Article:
Not only does this enable you to invest in companies based outside of the UK, it also helps provide greater diversification which can help cushion the impact of share price volatility. When it comes to investing, one of the things you have to accept is that stock markets go up and down, but some regions tend to be more volatile than others. There are a number of factors that can influence this including things such as political stability, rate of economic growth and development and whether certain sectors are dominant in a particular economy. But if your money is spread between different regions around the world, it lessens the impact the performance of one country’s stock market or a single sector has on the value of your overall investment. It doesn’t eradicate risk entirely though, so you need to be prepared that there could be periods when the value of your investment falls. If you stay invested for the long term, you’ll hopefully be able to recover any losses.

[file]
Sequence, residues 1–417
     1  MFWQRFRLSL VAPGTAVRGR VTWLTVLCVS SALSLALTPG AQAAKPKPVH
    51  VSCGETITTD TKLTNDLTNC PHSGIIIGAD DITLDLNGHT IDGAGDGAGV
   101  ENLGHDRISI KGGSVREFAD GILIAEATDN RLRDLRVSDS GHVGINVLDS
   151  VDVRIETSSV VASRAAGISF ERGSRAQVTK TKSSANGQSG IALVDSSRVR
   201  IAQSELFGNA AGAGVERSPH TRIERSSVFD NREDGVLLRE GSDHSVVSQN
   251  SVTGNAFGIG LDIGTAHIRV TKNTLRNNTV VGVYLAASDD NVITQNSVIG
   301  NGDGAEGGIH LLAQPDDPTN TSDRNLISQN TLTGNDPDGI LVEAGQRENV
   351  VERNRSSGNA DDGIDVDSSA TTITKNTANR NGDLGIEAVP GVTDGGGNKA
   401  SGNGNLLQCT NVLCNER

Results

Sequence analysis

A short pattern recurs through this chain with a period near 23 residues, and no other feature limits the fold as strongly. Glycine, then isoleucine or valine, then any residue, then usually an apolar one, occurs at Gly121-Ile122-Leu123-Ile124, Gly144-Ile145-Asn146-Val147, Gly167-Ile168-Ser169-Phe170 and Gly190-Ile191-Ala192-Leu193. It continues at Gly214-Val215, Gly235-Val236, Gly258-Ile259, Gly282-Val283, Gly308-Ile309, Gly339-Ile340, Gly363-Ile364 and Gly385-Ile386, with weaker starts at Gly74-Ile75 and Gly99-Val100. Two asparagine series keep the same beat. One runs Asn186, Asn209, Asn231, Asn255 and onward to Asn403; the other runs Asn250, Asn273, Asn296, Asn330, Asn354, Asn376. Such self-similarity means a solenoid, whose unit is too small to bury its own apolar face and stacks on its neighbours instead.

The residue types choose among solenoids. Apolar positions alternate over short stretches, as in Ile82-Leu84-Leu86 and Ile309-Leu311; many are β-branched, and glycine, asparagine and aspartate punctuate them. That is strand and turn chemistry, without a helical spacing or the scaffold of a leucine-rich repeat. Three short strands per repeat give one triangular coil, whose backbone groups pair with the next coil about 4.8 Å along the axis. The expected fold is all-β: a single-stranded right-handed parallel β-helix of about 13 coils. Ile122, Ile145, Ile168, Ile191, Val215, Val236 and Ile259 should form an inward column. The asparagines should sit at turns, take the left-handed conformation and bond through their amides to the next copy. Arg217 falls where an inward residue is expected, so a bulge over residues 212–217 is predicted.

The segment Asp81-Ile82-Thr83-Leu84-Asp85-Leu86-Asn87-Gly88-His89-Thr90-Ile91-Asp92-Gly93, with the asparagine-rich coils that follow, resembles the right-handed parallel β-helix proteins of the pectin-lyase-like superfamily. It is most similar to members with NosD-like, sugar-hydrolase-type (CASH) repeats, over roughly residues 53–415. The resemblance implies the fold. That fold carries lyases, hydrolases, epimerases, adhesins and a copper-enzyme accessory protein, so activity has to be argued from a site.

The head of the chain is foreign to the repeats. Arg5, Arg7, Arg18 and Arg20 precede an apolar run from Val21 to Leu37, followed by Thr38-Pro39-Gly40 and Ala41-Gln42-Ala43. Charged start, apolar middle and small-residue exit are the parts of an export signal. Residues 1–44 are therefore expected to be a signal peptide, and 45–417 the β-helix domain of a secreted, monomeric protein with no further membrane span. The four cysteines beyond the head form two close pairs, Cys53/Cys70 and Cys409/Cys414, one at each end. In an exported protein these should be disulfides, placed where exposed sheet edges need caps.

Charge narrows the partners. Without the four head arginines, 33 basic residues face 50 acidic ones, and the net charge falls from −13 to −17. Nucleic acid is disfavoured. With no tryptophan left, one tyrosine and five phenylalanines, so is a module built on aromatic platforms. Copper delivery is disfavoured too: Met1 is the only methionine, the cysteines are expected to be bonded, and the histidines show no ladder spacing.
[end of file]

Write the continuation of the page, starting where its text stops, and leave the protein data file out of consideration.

Many investors seek a reliable and consistent income stream so they don’t have to sell any investments or cash in savings in order to generate an income. And there are plenty of companies around the world which pay some of their profits back to shareholders in the form of dividends, rather than investing it all back into the company for growth.
When you invest in funds you can usually choose either income units which will pay out income to you as cash, or accumulation units where any dividend income is re-invested instead – if you don’t need the income, the latter can be a good way to potentially boost your returns over the longer term.